Flagship Federal Savings & Loan opened officially Monday morning, replacing the once-promising but seemingly ever-troubled Sun Savings & Loan, which was shut by regulators Friday.
Nevertheless, Sun's problems linger.
Flagship Federal officials are huddling with federal regulators to determine how to allocate Sun's resources and what to do with about $55 million in non-performing assets, mostly delinquent loans.
Robert McNitt, executive vice president of Great Western Savings of Beverly Hills, which is under contract to operate Flagship, said Monday that it could take weeks to construct a new business plan.
Meanwhile, Sun's top executives have been given their leave. President and Chief Executive John McEwan, Executive Vice President John Grosvenor and senior lending officer E. Sloan Duvall were asked not to report to work Monday morning.
John Schumaker, head of Sun's real estate development arm, reportedly is also out, but he may stay with Flagship as a consultant, sources said Monday.
McEwan will be heard from again, however. Regulators who seized Sun late Friday reportedly are balking at paying McEwan $238,500 in severance. The money was placed in a trust fund when McEwan was hired early last year, something of a "golden parachute" in case he was fired.
The funds represent one year's base salary plus benefits.
Sun executives were given virtually no notice of Friday's federal takeover--the typical policy of the Federal Home Loan Bank Board.
But management knew something was up: Officials were called at 5:30 a.m. by the American Stock Exchange and were told that Sun's stock wouldn't open for trading that day, pending an announcement by regulators.
Sun management spent the day wondering when the federal action would take place. When the company was seized, top management was escorted into a conference room, where they waited for the rest of Sun's work force to leave and for regulators to officially inform them of the shutdown--a rather undignified and unceremonious end to their tenure.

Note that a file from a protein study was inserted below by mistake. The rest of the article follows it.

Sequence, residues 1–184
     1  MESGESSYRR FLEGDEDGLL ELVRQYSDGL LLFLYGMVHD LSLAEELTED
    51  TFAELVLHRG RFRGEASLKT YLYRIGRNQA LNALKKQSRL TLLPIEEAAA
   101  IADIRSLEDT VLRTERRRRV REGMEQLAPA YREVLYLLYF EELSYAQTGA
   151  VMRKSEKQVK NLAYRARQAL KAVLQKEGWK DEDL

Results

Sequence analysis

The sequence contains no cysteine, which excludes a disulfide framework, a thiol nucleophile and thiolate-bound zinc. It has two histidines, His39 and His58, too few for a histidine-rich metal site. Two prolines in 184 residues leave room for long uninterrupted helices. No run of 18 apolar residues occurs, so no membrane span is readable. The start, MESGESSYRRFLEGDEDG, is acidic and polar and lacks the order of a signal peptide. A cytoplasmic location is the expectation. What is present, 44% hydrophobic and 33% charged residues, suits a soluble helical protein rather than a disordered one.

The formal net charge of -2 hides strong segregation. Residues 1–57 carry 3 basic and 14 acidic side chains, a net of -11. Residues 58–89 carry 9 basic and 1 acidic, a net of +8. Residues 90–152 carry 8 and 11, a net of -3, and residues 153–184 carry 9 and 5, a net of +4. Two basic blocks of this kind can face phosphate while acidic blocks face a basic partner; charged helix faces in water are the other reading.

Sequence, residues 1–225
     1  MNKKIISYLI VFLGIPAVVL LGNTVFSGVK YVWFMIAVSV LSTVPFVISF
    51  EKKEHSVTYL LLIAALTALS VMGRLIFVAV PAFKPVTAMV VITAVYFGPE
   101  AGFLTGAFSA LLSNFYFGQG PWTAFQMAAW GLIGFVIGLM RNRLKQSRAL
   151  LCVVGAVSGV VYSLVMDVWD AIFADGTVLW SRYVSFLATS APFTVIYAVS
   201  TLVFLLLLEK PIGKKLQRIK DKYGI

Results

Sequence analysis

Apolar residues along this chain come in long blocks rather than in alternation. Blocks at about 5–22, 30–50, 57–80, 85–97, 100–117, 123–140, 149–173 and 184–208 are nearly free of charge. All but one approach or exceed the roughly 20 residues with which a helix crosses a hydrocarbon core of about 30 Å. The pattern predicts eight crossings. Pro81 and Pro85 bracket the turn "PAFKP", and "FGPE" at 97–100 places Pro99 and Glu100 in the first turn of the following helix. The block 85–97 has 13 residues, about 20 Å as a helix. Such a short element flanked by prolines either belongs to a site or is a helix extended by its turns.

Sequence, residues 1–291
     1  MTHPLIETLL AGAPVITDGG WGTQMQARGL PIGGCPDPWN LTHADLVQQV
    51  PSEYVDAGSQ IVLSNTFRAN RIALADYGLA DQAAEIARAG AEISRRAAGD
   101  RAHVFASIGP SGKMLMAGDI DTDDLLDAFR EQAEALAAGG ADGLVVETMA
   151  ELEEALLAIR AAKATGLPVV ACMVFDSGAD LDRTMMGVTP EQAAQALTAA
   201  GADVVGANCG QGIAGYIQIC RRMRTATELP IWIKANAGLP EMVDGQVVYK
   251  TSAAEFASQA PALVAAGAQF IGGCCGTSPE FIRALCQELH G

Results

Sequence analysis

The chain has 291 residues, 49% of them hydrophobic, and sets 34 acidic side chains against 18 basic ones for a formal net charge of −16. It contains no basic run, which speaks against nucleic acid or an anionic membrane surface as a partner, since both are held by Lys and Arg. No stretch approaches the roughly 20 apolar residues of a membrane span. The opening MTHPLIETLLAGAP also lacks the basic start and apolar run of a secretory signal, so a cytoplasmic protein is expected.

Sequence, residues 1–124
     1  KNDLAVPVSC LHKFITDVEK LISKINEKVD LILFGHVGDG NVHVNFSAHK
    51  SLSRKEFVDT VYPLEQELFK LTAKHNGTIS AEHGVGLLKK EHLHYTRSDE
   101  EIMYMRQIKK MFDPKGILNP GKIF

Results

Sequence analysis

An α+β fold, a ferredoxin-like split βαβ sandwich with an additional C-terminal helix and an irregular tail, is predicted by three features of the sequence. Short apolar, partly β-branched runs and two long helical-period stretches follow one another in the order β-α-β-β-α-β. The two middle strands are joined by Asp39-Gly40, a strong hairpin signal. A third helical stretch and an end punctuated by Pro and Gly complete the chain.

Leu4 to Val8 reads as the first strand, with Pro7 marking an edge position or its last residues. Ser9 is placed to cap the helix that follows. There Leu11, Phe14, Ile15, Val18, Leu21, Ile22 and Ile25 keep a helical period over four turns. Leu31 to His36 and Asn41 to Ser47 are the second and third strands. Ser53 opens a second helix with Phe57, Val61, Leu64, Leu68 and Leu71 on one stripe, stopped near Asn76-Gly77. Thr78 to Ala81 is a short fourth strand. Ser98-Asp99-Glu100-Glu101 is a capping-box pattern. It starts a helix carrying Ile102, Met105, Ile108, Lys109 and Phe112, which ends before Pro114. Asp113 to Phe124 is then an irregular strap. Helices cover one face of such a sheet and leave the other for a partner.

Federal regulators prepared for the takeover by gathering in the parking lot at Sun's headquarters in the afternoon.
By the time the 60 regulators--nearly all in dark suits--actually moved in, the parking lot was full.
Among those entering Sun's offices was intrepid Times reporter Greg Johnson, who nonchalantly walked in.
But the regulators apparently had other things on their minds--"Where's the kitchen?" one asked, followed by "Where's accounting?" And, once they discovered Johnson was not one of them, allowed him to remain inside.
Bad loans unraveled Sun. With $374 million in assets, delinquent loans at the end of the first quarter reached nearly $55 million.
But loan problems have plagued Sun from the beginning.
Area bankers are humorously recalling that, when Sun opened in
1980, officials had overlooked getting loan papers for customers. Management asked Point Loma Savings for help, which obliged by messengering over its loan papers. Sun simply excised Point Loma's name and inserted its own.
So what happens to Sun shareholders, whose stock at one point topped $17 per share?
"They get nothing," one analyst said. "Sun has disappeared."
Stockholders could receive proceeds from class-action lawsuits, but none has been filed.
Flagship is a mutual association, meaning that it is owned by depositors.